Here are the different types of gravity blankets for children available:
1. Infused Weighted Blanket
These blankets feature weight beads infused in between two layers of fabric and woven uniformly. They are easy to fold and have the weight distributed evenly.
2. Pocket Weighted Blankets
These blankets are made out of a series of small squares that carry a set of weights. They come in a number of colors and textures.
3. Wearable Weighted Blanket
As the name suggests, these blankets are wearable and your child can easily slip in and out of one and walk around. They are mostly used similar to a sleeping bag.
4. DIY Weighted Blankets
If you have some skills in stitching, making your own weighted blanket is not overly complicated. Since it is customizable along with being inexpensive, it is a great option for those who can make it.
How to Choose the Right Weighted Blanket
Choosing the right weighted blanket can make all the difference and it comes down to the smaller details such as:
Weighted blankets are available in different styles of fabric including soft cotton, flannel, satin-cotton blends and others. If your child tends to get hot in sleep, it’s ideal to choose a breathable fabric such as cotton over flannel.
Different filler materials have different densities and can give a unique feel to the blanket. Steel shots, glass beads, and plastic pellets are often used. Choose a type that your child would feel most comfortable in.
3. Weight Distribution
Weighted blankets work best when the pressure is distributed uniformly on the body. If the beads or weights shift and collect over side, your child might not feel even pressure all around. To fix this, choose blankets that contain weights in individually stitched pockets throughout the blanket.
For ease of maintenance, pick a blanket that can be washed easily in a washing machine.
5. Weight and Size
The weight of the blanket should be no more than 10 per cent of the child’s weight. The weighted blanket child size can vary based on how your child likes it. More area gives more comfort throughout the night while some children might prefer the blanket to be smaller.
How to Use a Weighted Blanket
Although a weighted blanket can help, introducing it to your child in the right way is critical.
- Never force your child to use the blanket. They might even cause an excessive sensory input by applying too much pressure. So their transition should be more natural and not forced.
- When you first present the blanket to your child, start from the legs. Lay it on their legs and gradually pull it over their body and ask how it feels.
- Try to use the weighted blanket at other times apart from bed time to help them calm down and get used to it. You could wrap them up when they sit o the couch or while playing board games, doing homework or reading.
- Make the blanket as part of a sensory tent where they can go sit wrapped in it during the day when the feel a sensory overload.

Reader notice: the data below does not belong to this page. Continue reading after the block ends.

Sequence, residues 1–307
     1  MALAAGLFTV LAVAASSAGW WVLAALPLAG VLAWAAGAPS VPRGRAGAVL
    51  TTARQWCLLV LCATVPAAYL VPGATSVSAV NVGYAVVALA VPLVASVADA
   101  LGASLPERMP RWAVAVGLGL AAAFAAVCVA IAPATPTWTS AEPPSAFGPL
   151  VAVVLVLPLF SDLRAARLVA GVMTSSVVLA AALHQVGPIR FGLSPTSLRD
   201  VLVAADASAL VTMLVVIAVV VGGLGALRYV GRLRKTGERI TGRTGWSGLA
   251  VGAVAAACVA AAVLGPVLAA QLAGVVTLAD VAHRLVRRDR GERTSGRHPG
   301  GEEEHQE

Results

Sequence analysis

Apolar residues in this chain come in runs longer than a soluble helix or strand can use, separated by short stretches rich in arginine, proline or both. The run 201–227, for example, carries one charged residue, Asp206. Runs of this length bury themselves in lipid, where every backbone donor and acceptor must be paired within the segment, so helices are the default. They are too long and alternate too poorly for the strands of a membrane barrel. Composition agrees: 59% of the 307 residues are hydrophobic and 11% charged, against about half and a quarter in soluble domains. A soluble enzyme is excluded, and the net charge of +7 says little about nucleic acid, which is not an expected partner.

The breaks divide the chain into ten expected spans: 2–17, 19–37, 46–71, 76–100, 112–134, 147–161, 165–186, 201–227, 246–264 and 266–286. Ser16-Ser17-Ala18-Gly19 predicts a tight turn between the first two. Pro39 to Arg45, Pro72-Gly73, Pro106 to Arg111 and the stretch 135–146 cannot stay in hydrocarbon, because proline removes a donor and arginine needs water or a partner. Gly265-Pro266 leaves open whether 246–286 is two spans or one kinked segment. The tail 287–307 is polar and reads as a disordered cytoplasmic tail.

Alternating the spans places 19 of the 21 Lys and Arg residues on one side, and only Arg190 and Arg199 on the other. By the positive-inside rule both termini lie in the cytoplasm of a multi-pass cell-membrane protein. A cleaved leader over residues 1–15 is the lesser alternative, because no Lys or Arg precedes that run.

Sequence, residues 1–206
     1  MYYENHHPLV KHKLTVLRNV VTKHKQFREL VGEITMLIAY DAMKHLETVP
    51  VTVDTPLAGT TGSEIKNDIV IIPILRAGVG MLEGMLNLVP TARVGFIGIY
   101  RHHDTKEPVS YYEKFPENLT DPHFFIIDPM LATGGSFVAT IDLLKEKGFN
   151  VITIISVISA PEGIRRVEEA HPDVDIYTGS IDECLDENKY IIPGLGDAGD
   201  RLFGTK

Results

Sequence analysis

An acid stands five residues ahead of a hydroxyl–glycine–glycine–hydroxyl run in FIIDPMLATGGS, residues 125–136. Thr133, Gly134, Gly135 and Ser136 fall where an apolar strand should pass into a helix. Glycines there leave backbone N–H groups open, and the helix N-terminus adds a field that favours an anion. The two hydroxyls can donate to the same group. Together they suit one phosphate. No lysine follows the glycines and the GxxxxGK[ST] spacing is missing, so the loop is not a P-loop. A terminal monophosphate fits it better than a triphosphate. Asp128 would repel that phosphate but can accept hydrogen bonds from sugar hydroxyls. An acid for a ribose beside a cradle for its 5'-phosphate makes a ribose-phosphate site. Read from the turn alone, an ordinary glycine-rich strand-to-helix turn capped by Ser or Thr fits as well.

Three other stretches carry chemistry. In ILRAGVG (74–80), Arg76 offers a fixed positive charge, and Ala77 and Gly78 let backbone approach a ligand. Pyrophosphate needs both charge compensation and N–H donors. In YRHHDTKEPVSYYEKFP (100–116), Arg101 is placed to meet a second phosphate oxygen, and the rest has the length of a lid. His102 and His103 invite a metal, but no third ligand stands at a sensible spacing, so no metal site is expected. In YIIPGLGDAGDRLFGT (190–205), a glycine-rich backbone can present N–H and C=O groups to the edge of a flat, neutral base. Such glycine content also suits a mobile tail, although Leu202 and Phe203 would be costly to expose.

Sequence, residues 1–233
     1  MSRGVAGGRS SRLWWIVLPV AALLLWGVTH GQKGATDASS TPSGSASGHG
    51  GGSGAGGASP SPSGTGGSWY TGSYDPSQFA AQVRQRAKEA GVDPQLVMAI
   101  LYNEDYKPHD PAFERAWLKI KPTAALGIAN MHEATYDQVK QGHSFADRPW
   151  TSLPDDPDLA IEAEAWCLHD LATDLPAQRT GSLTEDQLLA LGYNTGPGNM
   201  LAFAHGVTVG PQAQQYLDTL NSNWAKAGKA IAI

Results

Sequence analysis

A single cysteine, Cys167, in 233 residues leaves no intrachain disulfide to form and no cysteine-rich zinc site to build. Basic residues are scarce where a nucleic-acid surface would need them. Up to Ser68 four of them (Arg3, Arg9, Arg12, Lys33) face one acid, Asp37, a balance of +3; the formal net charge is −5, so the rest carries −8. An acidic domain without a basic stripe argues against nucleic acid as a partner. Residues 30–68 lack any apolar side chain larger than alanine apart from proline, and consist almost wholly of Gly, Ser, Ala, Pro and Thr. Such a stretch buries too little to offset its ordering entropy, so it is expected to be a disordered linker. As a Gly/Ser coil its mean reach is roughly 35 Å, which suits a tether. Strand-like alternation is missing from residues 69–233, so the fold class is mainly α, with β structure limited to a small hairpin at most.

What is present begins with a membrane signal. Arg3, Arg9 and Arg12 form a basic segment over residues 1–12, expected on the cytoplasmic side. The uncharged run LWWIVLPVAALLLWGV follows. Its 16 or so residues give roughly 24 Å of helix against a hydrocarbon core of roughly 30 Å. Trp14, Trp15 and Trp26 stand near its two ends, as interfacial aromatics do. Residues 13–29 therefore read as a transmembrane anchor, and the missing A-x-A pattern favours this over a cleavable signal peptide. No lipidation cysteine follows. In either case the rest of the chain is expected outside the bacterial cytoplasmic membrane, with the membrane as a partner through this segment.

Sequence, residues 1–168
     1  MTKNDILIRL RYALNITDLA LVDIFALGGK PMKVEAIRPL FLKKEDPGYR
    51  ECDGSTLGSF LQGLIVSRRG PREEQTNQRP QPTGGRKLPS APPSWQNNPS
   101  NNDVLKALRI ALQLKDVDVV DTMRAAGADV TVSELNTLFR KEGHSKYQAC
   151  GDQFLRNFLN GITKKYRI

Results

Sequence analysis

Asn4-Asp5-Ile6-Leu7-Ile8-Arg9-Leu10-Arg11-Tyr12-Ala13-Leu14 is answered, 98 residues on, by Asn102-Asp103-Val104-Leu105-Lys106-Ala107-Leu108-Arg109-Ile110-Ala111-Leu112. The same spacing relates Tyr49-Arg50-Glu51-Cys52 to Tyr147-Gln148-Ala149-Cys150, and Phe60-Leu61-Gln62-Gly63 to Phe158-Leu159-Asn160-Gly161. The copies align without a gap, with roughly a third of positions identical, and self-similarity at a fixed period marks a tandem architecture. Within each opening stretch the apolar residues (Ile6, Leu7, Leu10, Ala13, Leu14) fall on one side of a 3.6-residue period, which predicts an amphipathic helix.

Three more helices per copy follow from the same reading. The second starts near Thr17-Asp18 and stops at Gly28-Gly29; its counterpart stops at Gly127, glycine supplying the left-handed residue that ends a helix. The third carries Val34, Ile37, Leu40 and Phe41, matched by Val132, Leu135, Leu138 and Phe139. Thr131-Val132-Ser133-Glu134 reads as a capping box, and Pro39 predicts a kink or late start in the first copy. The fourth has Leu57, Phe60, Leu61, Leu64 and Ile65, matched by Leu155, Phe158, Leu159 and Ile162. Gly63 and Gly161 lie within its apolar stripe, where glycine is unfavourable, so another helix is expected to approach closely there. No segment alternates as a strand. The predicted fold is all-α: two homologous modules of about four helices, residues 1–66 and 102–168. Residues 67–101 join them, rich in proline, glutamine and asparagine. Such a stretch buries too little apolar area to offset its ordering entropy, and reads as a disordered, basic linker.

- Weighted blankets can also be used in your child’s classroom as part of the sensory diet.
How to Know If the Child Is Responding to the Blanket
There are signs that let you know that the weighted blanket is working for your child. Here are a few:
- The blanket provides comfort and relief when they are restless.
- They ask for it at sleep time and get a good night’s rest and wake up feeling refreshed.
- Your child is calmer and relaxed than before.
- It helps promote sleep even if your child has no special needs.
- It makes your child feel more secure and relieve anxiety.
- It reduces overstimulation, chronic pain and other sensory issues.
Warnings and Precautions
Weighted blankets come with their own set of challenges that requires you to exercise caution before using it. To begin with, it is ideal if the weighted blanket is recommended by your child’s pediatrician. This is especially important if your child has no diagnosed sensory disorders or is not under the care of any therapists. The blanket is also best used in short spans of time so they can remove when the positive effect diminishes.
Weighted blankets should never be used on babies who will find it hard to wriggle out if they feel trapped or suffocated. If you wish to allow the child to sleep in it, ensure that they are able to remove it without difficulty. The blanket’s size and weight should match your child’s age. Do not allow them to use adult, overweight or oversized blankets that could potentially get them tangled up.
Weighted blankets shouldn’t be your first step if you feel your child has mental health problems. They need to be taken to a mental health professional as delays in treatment can multiply over time.
Your child’s consent is priority before asking them to use a weighted blanket. If you try to force it on them, it could create more stress and anxiety with counterproductive results. The blankets should also never be used as a restraining device.
Weighted blankets work by deep touch pressure on your child which relaxes them and improves their mood. At night it promotes good sleep and reduces anxiety. It’s important to keep in mind that although weighted blankets can be tried on a child who has no formal diagnosis in any sensory processing disorders, it is best to consult their pediatrician before going ahead.